From the NFL to the Pulpit
How did you come to Christ as an NFL player?
I didn't grow up in the church, so for me football was my god. It defined who I was. When I got to the Indianapolis Colts in 1993, I had a teammate who would take a shower, dry off, wrap a towel around his waist, and ask my teammates every day after practice if they knew Jesus. Not growing up in the church, I thought it was pretty weird that a guy was half naked with a Bible asking other half naked dudes, "Do you know Jesus?"
I didn't want anything to do with him. Eventually, however, he came to my locker and asked me that same question, which led to a five-year process of watching him embody the Gospel. Then on August 2, 1997, I understood what he said and realized what Christ had done for me. I have been in love with Jesus ever since.
Tell me about how you moved to planting a church?
I was perfectly content to be an itinerant evangelist. I felt that's what God wanted me to do. But in a New Testament class at Southern Evangelical Seminary, we were going through Ephesians and 4:11-16 seized my heart. I recognized I had some of the gifts to lead a church. I didn't really know about church planting, so the process took several years for it to unfold.
For our vision, we took the Great Commandment and Great Commission and we say it this way: we are a multi-ethnic multi-generational mission-shaped community that loves God completely, ourselves correctly, our neighbors compassionately.
So with that, we prayed a ton and launched Transformation Church on February 7, 2010. We had a core team of 178 and on our first weekend God blessed us with 701 in attendance. It's absolutely crazy. We have continued to grow to around 2,300 now. We have a campus in Rock Hill, SC. We are in the process of a building campaign and we just launched an extension campus in a prison.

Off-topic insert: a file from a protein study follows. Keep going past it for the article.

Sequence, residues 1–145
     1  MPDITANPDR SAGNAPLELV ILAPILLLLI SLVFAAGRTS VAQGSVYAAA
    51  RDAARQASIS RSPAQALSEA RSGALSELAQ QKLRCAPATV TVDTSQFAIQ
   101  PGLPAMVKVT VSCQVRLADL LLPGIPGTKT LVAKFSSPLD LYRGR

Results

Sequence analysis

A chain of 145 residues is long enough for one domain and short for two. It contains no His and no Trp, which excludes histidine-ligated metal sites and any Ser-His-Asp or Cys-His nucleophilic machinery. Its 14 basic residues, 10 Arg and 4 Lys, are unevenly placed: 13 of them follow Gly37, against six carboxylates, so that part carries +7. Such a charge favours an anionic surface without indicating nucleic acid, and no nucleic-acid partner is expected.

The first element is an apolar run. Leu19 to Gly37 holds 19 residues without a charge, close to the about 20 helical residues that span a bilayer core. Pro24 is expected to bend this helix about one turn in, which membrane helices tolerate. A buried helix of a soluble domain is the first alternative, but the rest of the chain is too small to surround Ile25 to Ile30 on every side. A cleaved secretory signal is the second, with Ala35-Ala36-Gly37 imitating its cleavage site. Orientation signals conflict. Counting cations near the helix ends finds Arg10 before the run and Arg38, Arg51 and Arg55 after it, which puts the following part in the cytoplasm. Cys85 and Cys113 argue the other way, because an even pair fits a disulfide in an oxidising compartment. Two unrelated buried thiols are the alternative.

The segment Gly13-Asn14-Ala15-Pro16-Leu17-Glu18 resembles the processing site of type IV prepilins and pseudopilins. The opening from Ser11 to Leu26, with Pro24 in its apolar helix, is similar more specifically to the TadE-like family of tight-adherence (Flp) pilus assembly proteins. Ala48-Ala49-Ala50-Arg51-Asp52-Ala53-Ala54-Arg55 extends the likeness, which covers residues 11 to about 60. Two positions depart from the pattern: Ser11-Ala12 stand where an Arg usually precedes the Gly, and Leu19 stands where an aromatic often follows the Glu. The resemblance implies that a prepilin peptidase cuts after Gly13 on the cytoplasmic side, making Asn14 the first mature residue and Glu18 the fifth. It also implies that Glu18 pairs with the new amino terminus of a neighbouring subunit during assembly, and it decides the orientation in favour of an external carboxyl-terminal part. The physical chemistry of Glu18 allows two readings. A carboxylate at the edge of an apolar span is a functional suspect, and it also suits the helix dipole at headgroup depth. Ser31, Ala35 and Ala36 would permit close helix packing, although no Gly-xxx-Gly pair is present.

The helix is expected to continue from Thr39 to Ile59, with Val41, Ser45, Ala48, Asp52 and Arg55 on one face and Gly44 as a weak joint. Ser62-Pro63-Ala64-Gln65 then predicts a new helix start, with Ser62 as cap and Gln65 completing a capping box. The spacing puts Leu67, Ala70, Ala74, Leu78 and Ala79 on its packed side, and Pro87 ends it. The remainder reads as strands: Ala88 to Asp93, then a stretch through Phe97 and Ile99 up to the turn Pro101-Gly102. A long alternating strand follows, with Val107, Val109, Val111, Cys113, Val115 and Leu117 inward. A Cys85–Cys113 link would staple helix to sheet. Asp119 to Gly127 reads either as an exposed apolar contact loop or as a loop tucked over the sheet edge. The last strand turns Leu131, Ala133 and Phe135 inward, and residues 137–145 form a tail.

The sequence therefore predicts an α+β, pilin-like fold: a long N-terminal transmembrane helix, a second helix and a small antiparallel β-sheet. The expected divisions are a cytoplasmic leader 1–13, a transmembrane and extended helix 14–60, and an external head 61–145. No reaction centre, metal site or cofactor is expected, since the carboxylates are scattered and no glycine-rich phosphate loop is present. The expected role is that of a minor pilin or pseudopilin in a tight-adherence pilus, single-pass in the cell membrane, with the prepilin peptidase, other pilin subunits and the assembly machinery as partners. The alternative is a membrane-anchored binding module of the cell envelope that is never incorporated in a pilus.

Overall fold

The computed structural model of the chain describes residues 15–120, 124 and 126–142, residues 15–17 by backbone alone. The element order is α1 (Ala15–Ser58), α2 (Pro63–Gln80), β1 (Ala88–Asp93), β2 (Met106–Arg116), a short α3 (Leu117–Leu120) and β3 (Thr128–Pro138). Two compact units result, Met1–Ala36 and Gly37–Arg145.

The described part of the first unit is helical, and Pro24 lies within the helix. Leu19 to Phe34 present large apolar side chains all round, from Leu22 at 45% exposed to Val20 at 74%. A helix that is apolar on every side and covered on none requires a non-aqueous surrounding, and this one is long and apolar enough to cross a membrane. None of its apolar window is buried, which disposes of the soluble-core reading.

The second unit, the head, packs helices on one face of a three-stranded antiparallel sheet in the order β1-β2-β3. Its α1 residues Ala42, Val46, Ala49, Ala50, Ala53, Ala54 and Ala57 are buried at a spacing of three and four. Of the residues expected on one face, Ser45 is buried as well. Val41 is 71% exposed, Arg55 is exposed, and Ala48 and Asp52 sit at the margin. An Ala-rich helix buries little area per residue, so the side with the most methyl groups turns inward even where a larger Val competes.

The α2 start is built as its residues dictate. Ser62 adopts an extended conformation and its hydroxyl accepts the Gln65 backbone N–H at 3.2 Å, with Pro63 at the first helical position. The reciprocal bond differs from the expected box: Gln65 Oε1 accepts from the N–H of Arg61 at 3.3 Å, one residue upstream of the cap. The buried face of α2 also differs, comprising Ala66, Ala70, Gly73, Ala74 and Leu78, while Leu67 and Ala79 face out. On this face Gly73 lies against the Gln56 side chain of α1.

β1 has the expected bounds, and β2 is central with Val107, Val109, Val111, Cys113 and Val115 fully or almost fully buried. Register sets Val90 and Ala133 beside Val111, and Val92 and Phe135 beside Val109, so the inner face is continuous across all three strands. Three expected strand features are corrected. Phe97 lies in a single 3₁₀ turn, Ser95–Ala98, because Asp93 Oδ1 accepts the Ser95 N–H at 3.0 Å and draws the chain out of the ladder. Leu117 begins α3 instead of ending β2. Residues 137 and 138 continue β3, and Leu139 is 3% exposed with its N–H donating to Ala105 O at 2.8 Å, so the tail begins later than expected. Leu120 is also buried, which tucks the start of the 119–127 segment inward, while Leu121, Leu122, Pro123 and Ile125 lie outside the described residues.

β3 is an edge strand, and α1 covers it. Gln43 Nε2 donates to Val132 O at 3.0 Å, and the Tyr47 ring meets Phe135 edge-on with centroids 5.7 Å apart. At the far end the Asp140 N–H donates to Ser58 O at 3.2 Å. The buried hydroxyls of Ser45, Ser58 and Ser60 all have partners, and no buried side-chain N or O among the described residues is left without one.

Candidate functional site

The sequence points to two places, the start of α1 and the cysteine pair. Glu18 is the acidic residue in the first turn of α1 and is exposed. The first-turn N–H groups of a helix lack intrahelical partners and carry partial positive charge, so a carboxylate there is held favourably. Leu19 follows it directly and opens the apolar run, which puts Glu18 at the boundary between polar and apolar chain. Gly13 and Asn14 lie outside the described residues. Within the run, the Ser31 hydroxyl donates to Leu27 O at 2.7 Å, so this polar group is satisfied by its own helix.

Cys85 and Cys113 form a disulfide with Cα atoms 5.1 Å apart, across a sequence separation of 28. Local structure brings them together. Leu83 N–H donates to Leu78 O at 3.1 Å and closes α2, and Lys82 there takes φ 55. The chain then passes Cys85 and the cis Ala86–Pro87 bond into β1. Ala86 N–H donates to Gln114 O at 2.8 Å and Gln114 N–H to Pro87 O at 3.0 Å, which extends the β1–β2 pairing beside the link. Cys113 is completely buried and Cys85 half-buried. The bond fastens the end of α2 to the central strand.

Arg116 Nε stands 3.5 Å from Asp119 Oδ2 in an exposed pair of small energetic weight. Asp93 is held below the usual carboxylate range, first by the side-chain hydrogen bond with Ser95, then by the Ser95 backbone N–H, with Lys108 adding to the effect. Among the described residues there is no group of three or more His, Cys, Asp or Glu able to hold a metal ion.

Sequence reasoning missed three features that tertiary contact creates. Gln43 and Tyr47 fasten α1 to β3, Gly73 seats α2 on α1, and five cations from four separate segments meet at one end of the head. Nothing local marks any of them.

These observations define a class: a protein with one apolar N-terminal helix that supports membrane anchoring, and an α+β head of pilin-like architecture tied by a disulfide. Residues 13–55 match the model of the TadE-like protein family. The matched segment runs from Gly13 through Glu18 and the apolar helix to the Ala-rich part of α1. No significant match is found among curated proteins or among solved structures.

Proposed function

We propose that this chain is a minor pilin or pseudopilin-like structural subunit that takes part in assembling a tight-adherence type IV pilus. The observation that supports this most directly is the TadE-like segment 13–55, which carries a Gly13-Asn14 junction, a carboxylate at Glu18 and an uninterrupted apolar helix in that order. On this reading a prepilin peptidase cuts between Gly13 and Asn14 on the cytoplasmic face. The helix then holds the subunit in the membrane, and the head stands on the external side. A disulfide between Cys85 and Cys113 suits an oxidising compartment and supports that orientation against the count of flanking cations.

We may not fit in a church growth model. We don't want to place an overemphasis on Sundays. What I like to say is, "Sunday is the huddle to equip us to play the game of life."
Somehow, I knew it would come back to football. What is Transformation Church like?
The way I would describe it is, when you come, you sense authenticity. You sense passion and you feel loved. The vision is everywhere—when you walk in, it's not only in words, but it's in the embodiment of Transformation Church.
It's multi-ethnic and multi-cultural, so you can walk in and see someone with dreads and piercings next to a lawyer, next to an NFL player, next to someone who came out of a trailer park, next to someone from Brazil.
It's multi-generational as well. We want our church to look like a family, so we value people with gray hair. We value children. We don't have a typical youth group because we believe that after sixth grade the students can serve in ministry and live on mission. We actually have three teenagers that are on full time staff in production and worship.
What does being multi-ethnic look like when your church gathers on a Sunday?
I would say we're probably around 60 percent white, then 40 percent other, which would comprise primarily of African-Americans and Latinos. But it's not just on the weekends. We infiltrate our vision through our teaching groups and small groups. We held off starting small groups for six months because they would have been primarily middle aged and white. That wasn't consistent with who God called us to be. So we prayed and strategized and now our small groups are more reflective of our vision. We feel like the church can be an alternative city within the city to say, "This is how you do relationships." Barack Obama being the first multi-ethnic president is not what's going to bring ethnic togetherness. It's the Gospel.